Up at Chesterfield today for one of the lesser dog events. The dog that doesn't weave gets 4th place in 'Wicked Weaves' event, in which he has to do three sets of twelve weaves. Amazing. We then get 4th in both the jumping and agility events.
They tend to dish out photo frames as prizes here and L says we need something to display a photo of MD. I would have thought the preferred method of displaying a photo of MD would be a dartboard but obviously his little self must be in vogue at the moment and we might therefore be keeping him. Probably because he's with me and not at home.
Finally in the last event, we do the deed, break our run of 4th's, get second place and the promised photo frame. Whether Doggo will like his prize being used for the little one, I'm not sure.
Overall MD has a great day. Whilst we were out for a walk between events, MD attempted to join Doggo in a stream, where he was stood having a drink. MD launched himself off the bank and belly flopped into the water, which was about chest deep on Doggo, and promptly disappeared from view. Just as I was about to wade in and administer Doggie mouth to mouth he emerged like a bouncing bomb, coming towards me and seemingly eager to do it all over again. I restrain him; he's so unlike Doggo, totally fearless. Chalk and cheese.
I am the only one clustered around the radio as Nicole Cooke shows plenty of guts and desire to win Britain's first gold medal of the Olympics on the treacherously wet roads around Beijing.
Terrific stuff from her but road racing is very much a team sport and all credit too to her two teammates, who haven't really been given the credit they deserve. Sharon Laws and particularly Emma Pooley who were prominent near the front for most of the race. They set the pace and took the sting out of some of Cooke's rivals. Cooke meanwhile was able to save her legs until the last climb when she made her move.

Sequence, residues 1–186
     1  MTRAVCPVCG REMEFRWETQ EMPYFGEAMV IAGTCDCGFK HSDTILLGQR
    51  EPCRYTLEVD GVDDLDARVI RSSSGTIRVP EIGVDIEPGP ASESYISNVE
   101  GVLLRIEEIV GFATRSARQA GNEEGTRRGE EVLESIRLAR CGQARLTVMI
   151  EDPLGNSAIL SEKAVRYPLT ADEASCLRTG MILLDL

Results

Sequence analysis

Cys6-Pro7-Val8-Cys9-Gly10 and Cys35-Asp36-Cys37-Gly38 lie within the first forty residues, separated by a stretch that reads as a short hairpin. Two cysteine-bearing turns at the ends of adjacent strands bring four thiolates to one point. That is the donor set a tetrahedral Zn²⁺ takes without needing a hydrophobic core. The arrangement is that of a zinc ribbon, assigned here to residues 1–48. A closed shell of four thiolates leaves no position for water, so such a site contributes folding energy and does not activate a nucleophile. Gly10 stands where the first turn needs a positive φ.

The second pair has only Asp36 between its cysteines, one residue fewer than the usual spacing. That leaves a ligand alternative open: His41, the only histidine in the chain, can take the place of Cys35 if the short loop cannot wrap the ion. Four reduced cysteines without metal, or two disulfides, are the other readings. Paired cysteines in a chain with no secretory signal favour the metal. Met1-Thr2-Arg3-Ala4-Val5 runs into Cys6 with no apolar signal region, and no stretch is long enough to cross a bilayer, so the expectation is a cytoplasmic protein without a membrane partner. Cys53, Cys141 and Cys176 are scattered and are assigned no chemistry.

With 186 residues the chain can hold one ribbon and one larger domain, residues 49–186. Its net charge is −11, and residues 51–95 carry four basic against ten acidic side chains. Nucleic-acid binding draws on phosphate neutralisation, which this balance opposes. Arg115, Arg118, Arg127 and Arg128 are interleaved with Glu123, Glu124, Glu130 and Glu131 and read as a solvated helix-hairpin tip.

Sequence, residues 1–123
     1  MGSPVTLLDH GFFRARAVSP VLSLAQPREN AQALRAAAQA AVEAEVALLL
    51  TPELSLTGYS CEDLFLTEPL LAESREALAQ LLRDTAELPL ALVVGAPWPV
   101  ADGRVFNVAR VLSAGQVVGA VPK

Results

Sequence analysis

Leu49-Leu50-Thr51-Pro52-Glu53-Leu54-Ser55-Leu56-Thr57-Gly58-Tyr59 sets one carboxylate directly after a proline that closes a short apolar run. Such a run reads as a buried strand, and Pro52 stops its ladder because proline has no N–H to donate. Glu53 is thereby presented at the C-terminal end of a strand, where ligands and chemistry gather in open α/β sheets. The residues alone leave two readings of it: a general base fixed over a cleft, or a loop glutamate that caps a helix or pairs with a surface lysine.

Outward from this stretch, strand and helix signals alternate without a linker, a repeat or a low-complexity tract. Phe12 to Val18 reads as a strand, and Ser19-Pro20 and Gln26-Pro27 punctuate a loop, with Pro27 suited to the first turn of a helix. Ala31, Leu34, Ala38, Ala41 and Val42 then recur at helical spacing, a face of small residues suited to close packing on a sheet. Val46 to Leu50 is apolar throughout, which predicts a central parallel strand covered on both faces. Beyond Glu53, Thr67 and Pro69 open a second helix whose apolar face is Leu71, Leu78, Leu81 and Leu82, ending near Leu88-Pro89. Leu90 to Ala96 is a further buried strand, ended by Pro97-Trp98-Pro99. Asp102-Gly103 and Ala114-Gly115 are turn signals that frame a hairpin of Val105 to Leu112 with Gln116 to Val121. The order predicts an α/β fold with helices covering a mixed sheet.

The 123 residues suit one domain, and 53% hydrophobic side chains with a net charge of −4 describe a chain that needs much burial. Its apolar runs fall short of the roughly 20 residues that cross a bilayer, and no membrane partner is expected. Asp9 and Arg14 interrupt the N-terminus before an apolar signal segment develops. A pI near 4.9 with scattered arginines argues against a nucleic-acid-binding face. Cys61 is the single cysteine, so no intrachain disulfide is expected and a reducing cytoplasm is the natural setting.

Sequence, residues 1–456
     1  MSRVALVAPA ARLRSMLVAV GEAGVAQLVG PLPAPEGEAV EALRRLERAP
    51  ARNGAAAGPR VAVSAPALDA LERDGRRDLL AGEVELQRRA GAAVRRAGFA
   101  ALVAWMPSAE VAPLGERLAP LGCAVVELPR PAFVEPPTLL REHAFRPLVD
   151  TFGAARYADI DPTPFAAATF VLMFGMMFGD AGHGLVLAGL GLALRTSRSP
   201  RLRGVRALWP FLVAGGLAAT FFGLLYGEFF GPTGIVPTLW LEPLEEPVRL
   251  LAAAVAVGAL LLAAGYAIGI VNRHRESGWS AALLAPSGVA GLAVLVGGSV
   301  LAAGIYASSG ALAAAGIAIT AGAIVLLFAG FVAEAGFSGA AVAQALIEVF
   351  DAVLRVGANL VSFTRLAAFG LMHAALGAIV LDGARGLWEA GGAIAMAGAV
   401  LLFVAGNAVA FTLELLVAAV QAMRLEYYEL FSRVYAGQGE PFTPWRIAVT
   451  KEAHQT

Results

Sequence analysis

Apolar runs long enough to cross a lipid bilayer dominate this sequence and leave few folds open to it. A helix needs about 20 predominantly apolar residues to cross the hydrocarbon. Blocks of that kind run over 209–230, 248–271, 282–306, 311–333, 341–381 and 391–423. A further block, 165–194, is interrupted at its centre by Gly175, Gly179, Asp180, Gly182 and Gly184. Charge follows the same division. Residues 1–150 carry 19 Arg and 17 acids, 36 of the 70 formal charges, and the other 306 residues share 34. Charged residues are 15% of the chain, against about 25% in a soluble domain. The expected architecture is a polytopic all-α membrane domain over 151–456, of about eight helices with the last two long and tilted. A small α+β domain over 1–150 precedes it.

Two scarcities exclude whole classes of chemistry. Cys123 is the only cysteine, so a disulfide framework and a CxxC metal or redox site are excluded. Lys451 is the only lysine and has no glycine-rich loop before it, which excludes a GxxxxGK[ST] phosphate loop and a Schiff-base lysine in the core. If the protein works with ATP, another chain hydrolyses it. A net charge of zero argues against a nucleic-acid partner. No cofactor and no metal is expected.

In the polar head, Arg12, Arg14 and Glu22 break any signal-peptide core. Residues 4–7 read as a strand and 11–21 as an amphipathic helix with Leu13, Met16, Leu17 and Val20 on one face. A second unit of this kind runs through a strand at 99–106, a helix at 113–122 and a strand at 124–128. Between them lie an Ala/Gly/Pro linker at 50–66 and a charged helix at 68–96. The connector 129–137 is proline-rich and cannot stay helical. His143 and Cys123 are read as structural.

Home for a bit of R&R with L and to pop the cork on a celebratory bottle of Rose. The two dogs and I are well knackered but whereas they crash for the night, I manage to drift in and out of consciousness as we watch a dodgy DVD that L has acquired.
She has got hold of a DVD of the Magic Toyshop. Not that it's available on DVD but she's found a site that transfers videos to DVDs. I’m not sure about the legality of doing this but that's their problem, not ours.
The story concerns 15-year-old Melanie and starts interestingly with her preening herself naked in front of a mirror. Later though, when the climbing the apple tree naked scene comes in, it's done fully clothed. These people do take liberties with vital plot elements when they convert books to the screen.
After her parents are killed in a plane crash, Melanie, along with her younger brother and sister, are sent to live with their Uncle Philip (Tom Bell) and his family. This family consists of his mute Irish wife and her brothers, Francie and Finn. He rules authoritarian like over all of them, although once his back is turned; they indulge in forbidden pleasures, such as dancing and drinking.
He is also a toymaker and owns a toyshop. He puts on surreal and often violent plays with his life like puppets that his family have to watch. He soon gets Melanie to take part in these productions alongside the puppets. He asserts his dominance over his wife by making her wear a silver collar whilst she watches the shows. L tells me, that in the book, this isn't the only time he gets her to wear it.
Finn develops a 'thing' about Melanie and in particular her long dark hair. Although he doesn't repeat the cool chat up line from the book:- 'You've got lovely hair Melanie, black as a pint of Guinness; black as an Ethiopian's armpit.' That'll work down your local pub.
Finn likes her hair down and doesn't like it in the braids she seems to prefer but she's probably just doing it to be a tease. They go on to develop a relationship of sorts, helped or possibly hindered by her Uncle who gets Finn to rehearse the part of a swan puppet that will molest Melanie in his next play.
Many strange and surreal events go on, things that I often lose track of and which often hint at things that only reading the book can explain. Thankfully, I have L on hand to explain these to me. Through these happenings, Melanie discovers more about her adopted family including their incestuous secrets and that her aunt isn't mute after all.
It all ends happily with the Uncle being depicted as a dummy and being burned on Guy Fawkes Night.
The story is totally bizarre and all terribly immoral, perverse and wonderfully un-politically correct. Which may be why it's been so hard to get hold of. It was made by the Granada TV network and screened on television before having a limited theatrical release. It is also, from what I can gather from my limited exposure to her books, very typical of Angela Carter, who wrote the original book and wrote the screenplay of the film.
All good family fun.